Peach Gum, 4 ways

Peach Gum, 4 ways // Mono + Co

First, a note to self: peach gum expands 8 to 10 times in volume after soaking, so remember not to soak too many pieces next time.

Obviously, I forgot the lesson last time, repeated the same mistake and ended up with a very huge bowl of soaked peach gum after 2 nights in the fridge.  The hard crystals softened into a gelatinous texture that is very convincing as a collagen booster food.  Since peach gum is tasteless and I have no idea how much longer can it last inside the fridge, I decided to cook as much as possible in one day and leave the remaining to make a pot of this longan and peach gum dessert for tomorrow.  Yup, I have that much, so here we go:

Peach Gum, 4 ways // Mono + Co

++ Honey Lemon Peach Gum Drink ++

I got this idea from the popular bottled collagen drink in the market.  Since I don’t consume animal derived collagen, adding peach gum to my homemade honey lemon juice sounds like a good substitute. Delicious when served chilled.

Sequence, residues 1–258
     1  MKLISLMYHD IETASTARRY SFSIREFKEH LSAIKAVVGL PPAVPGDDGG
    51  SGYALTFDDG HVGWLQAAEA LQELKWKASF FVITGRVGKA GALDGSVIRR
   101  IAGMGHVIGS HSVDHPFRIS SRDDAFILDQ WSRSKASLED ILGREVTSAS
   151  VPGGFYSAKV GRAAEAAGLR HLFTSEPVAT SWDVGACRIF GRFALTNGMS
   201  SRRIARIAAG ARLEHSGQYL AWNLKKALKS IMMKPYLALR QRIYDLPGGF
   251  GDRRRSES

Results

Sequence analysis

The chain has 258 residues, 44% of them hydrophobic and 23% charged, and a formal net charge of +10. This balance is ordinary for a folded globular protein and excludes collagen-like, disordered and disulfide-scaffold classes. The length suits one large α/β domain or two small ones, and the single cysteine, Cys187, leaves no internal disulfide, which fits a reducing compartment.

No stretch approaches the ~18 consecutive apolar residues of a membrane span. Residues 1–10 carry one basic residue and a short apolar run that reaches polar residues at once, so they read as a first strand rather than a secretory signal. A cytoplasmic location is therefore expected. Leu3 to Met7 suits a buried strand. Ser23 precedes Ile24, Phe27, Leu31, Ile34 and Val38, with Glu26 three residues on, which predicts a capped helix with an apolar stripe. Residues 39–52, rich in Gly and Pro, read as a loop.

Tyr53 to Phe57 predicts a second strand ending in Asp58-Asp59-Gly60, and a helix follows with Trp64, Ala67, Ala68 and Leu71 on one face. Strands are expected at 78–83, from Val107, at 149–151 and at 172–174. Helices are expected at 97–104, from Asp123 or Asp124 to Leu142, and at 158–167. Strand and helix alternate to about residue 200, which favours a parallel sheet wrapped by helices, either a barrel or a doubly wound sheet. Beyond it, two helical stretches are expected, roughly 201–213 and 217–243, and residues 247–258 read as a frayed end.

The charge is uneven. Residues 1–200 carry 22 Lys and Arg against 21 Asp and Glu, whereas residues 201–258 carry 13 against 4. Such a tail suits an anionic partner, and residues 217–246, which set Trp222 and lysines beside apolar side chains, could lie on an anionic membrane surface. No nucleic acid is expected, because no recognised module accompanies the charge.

P.S. I am not sure if peach gums can be eaten without cooking first, but I steamed the soaked gum for 15 minutes just to be safe.

Peach Gum, 4 ways // Mono + Co

++ Banana Milk Shake with Peach Gum ++

I was clearing some brown bananas into milk shake for my kids and decided to blend some steamed peach gums with the banana and milk as well.

Peach Gum, 4 ways // Mono + Co

++ Dashi Vegetable Soup with Peach Gum ++

Since the peach gum is tasteless, I am not limiting my collagen intake to just desserts.  I have cooked this meatless “trotter” vinegar with peach gum before, so I can surely add them to savory soups.  I made kombu dashi stock like this, add apples, onions, corn, and carrots and simmer for 1 hour.  The kombu from making dashi can be eaten, so don’t throw them away after making the stock.  After an hour, remove apple and onion from the pot, season with soy sauce, add soaked peach gum and boil for another 15 minutes.  Transfer to a bowl and serve immediately.

Peach Gum, 4 ways // Mono + Co

++  Udon Soup with Enoki Mushroom and Peach Gum ++

With leftover vegetable dashi stock, it’s easy to create this late afternoon snack.  Heat up the soup, add enoki mushrooms, peach gum and miso paste (optional).  In a serving bowl, place udon (cooked separately in another pot) and pour soup over it, top with a bunch of cilantro leaves.  Serve immediately.








Tea Tree Mushroom + Tofu